The Jumpstart Our Business Startups (JOBS) Act, passed in April 2012 with huge bipartisan majorities, was designed to substantially reduce the regulatory burden on entrepreneurs seeking to raise capital to start and grow their businesses. But now some in Washington are trying to reverse its momentum.
Title III of the JOBS Act would allow businesses to raise up to $1 million annually in small amounts from ordinary people through websites (or web “funding portals,” as the law calls them) without having to incur the high costs of going public.
Congress required the Securities and Exchange Commission (SEC) to issue the final regulations allowing investment crowdfunding by December 31, 2012. Yesterday, about a year late, the SEC issued 585 pages of proposed rules. The provision that the rules are implementing, Title III of the JOBS Act, is nine pages long.
Complying with the proposed rules may well negate any cost savings or burden-lightening that the JOBS Act provides. But opponents of the JOBS Act—including the AARP, the Consumer Federation of America, and state regulators—think that Americans lack the judgment and knowledge to make small investments on their own and need to be prevented by Washington from making these types of investments.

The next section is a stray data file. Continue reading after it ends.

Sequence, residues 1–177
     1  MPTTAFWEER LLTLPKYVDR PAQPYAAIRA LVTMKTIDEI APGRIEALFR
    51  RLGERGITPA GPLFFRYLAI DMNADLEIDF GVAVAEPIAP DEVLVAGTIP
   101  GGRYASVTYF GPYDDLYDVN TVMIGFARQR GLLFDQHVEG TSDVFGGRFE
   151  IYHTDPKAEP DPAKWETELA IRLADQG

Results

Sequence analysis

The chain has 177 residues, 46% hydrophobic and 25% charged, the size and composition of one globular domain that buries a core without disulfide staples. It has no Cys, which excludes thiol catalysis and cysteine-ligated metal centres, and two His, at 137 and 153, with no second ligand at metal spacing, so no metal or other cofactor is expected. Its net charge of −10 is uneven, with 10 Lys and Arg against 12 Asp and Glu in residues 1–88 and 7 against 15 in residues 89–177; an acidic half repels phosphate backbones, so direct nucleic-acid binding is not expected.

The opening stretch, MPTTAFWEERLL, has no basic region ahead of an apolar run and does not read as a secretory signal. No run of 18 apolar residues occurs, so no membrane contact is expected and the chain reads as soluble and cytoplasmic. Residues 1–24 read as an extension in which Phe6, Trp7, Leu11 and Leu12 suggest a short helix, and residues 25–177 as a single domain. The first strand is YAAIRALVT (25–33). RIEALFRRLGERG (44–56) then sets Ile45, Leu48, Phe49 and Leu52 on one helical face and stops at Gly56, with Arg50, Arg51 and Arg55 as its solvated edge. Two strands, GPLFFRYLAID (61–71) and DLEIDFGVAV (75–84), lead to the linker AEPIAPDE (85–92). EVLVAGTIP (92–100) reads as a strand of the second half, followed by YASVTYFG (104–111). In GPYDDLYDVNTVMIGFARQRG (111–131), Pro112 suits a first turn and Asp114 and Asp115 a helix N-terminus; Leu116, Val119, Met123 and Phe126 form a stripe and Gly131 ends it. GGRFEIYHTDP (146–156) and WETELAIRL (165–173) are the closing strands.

Donative crowdfunding is widely used now to help charities, filmmakers, and artists raise money using the Internet. A version of crowdfunding is also commonly used in Regulation D sales to accredited investors—generally institutions and individuals with a residence exclusive net worth of $1 million or more or incomes of at least $200,000 single ($300,000 joint). But until the SEC crowdfunding regulations are finalized, it remains illegal for entrepreneurs to use crowdfunding to raise investment capital from ordinary Americans.
There is little doubt that the proposed rule overregulates crowdfunding issuers and crowdfunding websites. Opponents of the JOBS Act are pressuring the SEC to effectively gut the JOBS Act by imposing burdensome rules to implement a bill that was supposed to reduce the regulatory burden on entrepreneurs.
Allowing start-ups and other entrepreneurs to generate financing will help our economy to grow. Hundreds of pages of regulations will not.